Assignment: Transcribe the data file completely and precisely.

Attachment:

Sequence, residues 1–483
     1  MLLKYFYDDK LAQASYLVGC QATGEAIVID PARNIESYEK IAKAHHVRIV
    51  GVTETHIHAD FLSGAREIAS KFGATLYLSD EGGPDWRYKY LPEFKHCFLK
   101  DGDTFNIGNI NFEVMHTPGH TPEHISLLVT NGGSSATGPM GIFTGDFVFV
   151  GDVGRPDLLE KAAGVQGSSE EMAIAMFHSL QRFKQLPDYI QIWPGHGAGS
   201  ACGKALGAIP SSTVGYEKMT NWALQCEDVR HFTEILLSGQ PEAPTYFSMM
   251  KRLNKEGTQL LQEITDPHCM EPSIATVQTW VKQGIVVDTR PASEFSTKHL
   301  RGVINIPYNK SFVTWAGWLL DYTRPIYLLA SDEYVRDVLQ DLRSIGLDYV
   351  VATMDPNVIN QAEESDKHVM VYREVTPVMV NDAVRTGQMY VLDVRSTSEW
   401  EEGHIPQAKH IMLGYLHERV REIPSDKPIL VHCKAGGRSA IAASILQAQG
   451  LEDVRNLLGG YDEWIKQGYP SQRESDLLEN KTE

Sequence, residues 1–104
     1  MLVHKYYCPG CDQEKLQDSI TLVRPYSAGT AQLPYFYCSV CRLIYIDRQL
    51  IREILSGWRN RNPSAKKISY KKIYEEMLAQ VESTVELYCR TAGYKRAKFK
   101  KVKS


Sequence, residues 1–483
     1  MLLKYFYDDK LAQASYLVGC QATGEAIVID PARNIESYEK IAKAHHVRIV
    51  GVTETHIHAD FLSGAREIAS KFGATLYLSD EGGPDWRYKY LPEFKHCFLK
   101  DGDTFNIGNI NFEVMHTPGH TPEHISLLVT NGGSSATGPM GIFTGDFVFV
   151  GDVGRPDLLE KAAGVQGSSE EMAIAMFHSL QRFKQLPDYI QIWPGHGAGS
   201  ACGKALGAIP SSTVGYEKMT NWALQCEDVR HFTEILLSGQ PEAPTYFSMM
   251  KRLNKEGTQL LQEITDPHCM EPSIATVQTW VKQGIVVDTR PASEFSTKHL
   301  RGVINIPYNK SFVTWAGWLL DYTRPIYLLA SDEYVRDVLQ DLRSIGLDYV
   351  VATMDPNVIN QAEESDKHVM VYREVTPVMV NDAVRTGQMY VLDVRSTSEW
   401  EEGHIPQAKH IMLGYLHERV REIPSDKPIL VHCKAGGRSA IAASILQAQG
   451  LEDVRNLLGG YDEWIKQGYP SQRESDLLEN KTE

Sequence, residues 1–104
     1  MLVHKYYCPG CDQEKLQDSI TLVRPYSAGT AQLPYFYCSV CRLIYIDRQL
    51  IREILSGWRN RNPSAKKISY KKIYEEMLAQ VESTVELYCR TAGYKRAKFK
   101  KVKS